4. Accommodations and Flexibility Are Key
Patient leaders want to show up, and contribute to transforming healthcare, but given that they’re navigating illness themselves, flexibility and accommodations are key. Accommodations are more simple than you might expect, and a little flexibility goes a long way. As patient leader Lisa states: “Make involvement simple and have a variety of options for your patient leaders to become involved with. Patient leaders want to help.” Providing patient leaders the opportunity to get involved with your organization’s work is more than just a meaningful gesture, it also elevates your organization’s resources by emphasizing the authentic lived experiences of patients.
Put another way, patient leader Rick says “Organizations should be aware that health advocates are passionate because they often have the lived experience of that condition. For them, diabetes, cancer, HIV, etc., is more than just an academic pursuit. We don’t see ourselves as “patients” but as individuals. We offer an opportunity for organizations, care providers, and clinicians to understand their work from a different perspective.” In order to benefit from the passion, wisdom, and expertise of patient leaders, organizations need to be willing to create space to connect and collaborate with patients in an accessible manner. Virtual options, a willingness to be flexible, and respect for the patient experience are all foundational for a successful partnership between organizations and patients.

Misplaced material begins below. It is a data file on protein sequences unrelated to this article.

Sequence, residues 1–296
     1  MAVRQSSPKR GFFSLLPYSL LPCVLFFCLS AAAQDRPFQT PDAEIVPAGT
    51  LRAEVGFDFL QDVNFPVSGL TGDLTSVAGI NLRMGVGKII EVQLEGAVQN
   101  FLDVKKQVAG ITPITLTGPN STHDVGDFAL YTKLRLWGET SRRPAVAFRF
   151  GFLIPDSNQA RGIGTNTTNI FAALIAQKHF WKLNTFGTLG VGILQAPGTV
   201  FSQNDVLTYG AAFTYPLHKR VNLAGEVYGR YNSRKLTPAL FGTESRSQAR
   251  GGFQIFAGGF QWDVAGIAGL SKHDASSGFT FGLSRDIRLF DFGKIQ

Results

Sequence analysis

5. Patients Are People Too